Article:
Even if we drop the language barrier, the out of touch thing still remains, because these engineers most likely come from military contractor circles. That is, they do recognize that their frames have to *kind of* look good. But they don’t understand that it takes a good professional artist to actually do it. They may even have had hired some undergraduate student of fine arts to do their paint scheme, and considered the result satisfactory.

    That is, what we see here is most likely a case of function over form.

    Speaking of function, can anyone see where the driveside chainstay interrupts for belt insertion?

  • Shop Mechanic says:

    Undergrad fine arts student? More like high school freshman in Art 1.

  • J. Random Psycho says:

    This is early times anyway. The luxury of attractive paint jobs shall come later.

    Although I do agree that they should have simply painted the frames in one color. I would totally dig Pixie Blue, for instance. As it is, it seems that they fancy themselves better artists than they really are.

  • M. T. Biehr says:

    Those frames are imported to the USA, not made here. What is “handmade” in Colorado is the assembly of the Russian made frame into a complete bike. It’s fraudulent to suggest this frame is handbuilt in Boulder when it’s not.

    Why is MTBR always so full of misinformation?

  • Nick Wigston says:

    In response to M.T.Biehr.

    You are confusing Paketa with another company. All Paketa frames are made at our custom shop in Broomfield, which is a Boulder suburb. All materials in every Paketa frame were extruded in denver at a large manufacturer of magnesium material. The custom yokes are CNC machined right here in Boulder, from US made Magnesium material. I can even send you a photo of JP Burow, the owner, building a tandem in the shop. JP builds every frame custom for the customer by hand. You are welcome to come and visit our shop and watch him build a frame if you don’t believe me.

  • Kurt Gensheimer says:

    To M.T.:

    So much for MTBR’s misinformation. Sounds like the only misinformation here is originating from your keyboard. “Handmade” and “assembled” are two different words with two different meanings, and a company could be held liable if they advertise “handmade” when its actually “assembled”. Next time check your facts first before posting.

    Kurt Gensheimer

  • Nick Wigston says:

    and check out the website and you’ll see that you can get any color or paint job you want. http://paketabike.com/index.cfm?page=colors

  • max maxxer says:

    Good to see another belt drive offering. I plan on building up my own custom belt drive bike soon.

  • Nick Wigston says:

    the belt is great! I can’t wait till we can run it with a Rohloff hub.

  • Jp Burow says:

    This is JP (owner and frame builder of Pakta Bikes). I would like to reiterate that all tubing is extruded to my specifications, cut and welded by me personally in the Boulder area. These are not the Russian frames of old, this is an all American project. If anyone is interested in seeing the operation or riding a frame, please don’t hesitate to come on by.

    I will admit that I don’t respond to forums all that often, but is interesting to hear what people are saying about my work. BTW, the paint job isn’t my favorite either, but we have other colors to choose from.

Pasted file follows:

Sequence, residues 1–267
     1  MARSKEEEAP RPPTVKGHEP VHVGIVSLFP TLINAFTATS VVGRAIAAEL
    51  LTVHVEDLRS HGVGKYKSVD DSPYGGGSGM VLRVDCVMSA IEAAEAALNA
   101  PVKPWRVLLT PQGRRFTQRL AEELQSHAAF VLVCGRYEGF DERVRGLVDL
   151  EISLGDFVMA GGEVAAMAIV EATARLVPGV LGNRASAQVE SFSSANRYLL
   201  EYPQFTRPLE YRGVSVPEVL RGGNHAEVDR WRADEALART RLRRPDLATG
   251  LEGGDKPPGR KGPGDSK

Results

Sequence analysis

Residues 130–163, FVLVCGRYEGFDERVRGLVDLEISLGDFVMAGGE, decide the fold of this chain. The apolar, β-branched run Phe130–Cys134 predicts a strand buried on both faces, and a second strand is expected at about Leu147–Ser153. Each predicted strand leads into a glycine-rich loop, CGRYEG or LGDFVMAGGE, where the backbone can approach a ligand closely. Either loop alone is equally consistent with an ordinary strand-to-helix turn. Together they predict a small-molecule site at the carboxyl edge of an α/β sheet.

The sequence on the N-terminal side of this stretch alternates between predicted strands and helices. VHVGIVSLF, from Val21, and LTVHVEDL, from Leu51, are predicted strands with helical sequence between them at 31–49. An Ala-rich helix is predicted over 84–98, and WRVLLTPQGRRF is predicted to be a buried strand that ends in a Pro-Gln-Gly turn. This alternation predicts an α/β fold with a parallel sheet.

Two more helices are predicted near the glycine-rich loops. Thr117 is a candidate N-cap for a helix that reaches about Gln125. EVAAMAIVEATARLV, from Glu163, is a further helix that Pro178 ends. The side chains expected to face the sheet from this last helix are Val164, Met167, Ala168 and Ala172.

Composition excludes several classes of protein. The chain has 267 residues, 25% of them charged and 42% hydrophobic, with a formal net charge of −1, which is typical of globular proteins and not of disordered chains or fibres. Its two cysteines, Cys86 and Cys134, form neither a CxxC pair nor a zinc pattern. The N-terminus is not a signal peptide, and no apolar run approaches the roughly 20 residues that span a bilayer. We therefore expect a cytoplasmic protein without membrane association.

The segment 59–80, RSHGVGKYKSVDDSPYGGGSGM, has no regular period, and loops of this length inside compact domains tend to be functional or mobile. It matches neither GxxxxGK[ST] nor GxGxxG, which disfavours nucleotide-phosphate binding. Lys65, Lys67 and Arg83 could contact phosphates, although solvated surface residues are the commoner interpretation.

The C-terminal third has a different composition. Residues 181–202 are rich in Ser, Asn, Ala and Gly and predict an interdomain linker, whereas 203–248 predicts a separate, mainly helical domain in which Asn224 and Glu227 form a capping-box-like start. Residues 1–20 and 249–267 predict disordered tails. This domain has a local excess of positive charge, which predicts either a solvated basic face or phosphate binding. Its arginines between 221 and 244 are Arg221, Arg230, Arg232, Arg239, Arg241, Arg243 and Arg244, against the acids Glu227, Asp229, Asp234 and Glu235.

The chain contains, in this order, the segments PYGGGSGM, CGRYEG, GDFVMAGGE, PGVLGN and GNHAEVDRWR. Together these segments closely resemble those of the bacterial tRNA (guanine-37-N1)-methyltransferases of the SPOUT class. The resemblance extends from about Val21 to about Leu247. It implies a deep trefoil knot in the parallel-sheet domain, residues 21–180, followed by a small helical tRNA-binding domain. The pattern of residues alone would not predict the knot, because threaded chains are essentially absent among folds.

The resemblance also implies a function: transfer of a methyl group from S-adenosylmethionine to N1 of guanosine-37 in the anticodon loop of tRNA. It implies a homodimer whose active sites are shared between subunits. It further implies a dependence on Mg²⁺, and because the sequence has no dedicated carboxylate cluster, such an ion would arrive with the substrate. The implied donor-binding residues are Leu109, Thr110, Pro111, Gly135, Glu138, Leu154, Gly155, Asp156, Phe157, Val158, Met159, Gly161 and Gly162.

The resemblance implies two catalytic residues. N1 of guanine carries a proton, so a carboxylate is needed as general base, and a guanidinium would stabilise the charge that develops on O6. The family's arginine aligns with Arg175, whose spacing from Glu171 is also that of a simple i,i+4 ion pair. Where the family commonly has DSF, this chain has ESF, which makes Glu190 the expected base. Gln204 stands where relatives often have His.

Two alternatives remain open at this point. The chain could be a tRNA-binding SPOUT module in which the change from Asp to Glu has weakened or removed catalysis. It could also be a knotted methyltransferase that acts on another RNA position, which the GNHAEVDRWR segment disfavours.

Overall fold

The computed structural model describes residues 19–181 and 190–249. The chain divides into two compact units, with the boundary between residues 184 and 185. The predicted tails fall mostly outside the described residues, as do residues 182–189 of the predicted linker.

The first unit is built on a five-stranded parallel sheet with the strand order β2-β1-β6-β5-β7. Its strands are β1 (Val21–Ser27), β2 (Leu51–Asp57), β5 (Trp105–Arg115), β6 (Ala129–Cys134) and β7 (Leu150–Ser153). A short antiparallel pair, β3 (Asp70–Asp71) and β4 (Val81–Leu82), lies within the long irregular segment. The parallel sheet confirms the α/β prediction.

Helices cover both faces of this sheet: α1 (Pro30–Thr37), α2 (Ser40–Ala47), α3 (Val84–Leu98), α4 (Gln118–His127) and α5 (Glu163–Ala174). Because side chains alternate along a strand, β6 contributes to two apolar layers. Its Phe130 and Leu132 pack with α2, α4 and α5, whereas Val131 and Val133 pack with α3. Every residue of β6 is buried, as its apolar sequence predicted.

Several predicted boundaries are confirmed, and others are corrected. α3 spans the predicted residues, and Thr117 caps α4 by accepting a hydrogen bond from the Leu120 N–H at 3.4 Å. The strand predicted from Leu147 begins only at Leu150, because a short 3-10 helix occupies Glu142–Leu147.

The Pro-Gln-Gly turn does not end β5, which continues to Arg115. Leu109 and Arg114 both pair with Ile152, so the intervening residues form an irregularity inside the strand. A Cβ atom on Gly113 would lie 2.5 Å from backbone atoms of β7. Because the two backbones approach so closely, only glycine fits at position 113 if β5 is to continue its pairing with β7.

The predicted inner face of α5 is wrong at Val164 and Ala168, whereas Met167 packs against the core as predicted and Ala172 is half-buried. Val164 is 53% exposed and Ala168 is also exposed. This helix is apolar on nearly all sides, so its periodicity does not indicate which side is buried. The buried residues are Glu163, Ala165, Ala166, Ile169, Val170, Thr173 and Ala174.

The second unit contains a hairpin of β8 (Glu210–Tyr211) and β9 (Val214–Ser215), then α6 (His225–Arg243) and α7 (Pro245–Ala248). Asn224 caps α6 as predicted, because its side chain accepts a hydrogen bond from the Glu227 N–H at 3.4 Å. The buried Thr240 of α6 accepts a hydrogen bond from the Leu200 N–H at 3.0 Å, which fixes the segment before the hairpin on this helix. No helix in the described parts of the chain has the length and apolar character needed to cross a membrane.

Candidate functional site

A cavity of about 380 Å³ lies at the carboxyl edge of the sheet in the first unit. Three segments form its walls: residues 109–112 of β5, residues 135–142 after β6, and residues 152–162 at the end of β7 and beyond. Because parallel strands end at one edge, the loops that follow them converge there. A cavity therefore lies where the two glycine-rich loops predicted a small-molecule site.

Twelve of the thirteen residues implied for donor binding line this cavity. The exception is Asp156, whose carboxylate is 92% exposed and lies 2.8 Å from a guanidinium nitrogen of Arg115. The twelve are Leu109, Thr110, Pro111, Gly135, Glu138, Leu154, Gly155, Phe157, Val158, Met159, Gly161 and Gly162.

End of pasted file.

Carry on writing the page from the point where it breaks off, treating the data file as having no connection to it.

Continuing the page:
Thank you,
    JP

  • Kosmo says:

    What a cool idea for a bike. Sounds almost like achieving a soft tail kind of ride without the complexity.

    As far as the review goes, let’s see, the very flexible, smooth riding 29er climbed slower than the super stiff 26er because it had 29 inch wheels; 29er wheels are no more resistant to pinch flatting than 26er wheels because you got a pinch flat going faster downhill on the 29er hardtail than you do on your Specy 26er dual suspension bike; and an under-tensioned 29er wheel tacoed on you when you crashed because 29er wheels are inferior?

    No wonder 29ers are such a dying breed! :-)

  • Jonathan P says:

    I have been riding a handmade in colorado Paketa road frame froms everal years now and i can’t say enough what an amazing ride the Paketa Magnesium is. I tell all my buddies riding high-end carbon on the road that I will put the Paketa against any carbon any day. Albeit I don’t race and I am a lightweight the Paketa suits me just perfectly. I always imagined a Paketa 29, and under new ownership it is now a reality. When My 401k recovers I will be ordering up a custom Paketa.

    Thank You JP for offering an amazing alternative.

  • sh-wolf says:

    Hey, guys! I`m from Russia!

    Russian “PAKETA” (also “Pakema”) voices [raketa] and means “Rocket”

    Colors of that frame looks like all “post-soviet union” russian design – horrible

    Sorry for my terrrrrrrrible English :)

  • liu says:

    hello,
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    http://www.tradertrade.com

  • J. Random Psycho says:

    sh-wolf, you sum up what I’ve been thinking the instant I saw this bike:

    “Colors of that frame looks like all “post-soviet union” russian design – horrible”

    By the way, I’m not far from you to the north. Preved from the “E” city! )

  • Natedogz says:

    Interesting bike and I like the paint scheme! :)

  • Natedogz says:

    Would have been better to have an experienced 29er SS rider review this bike.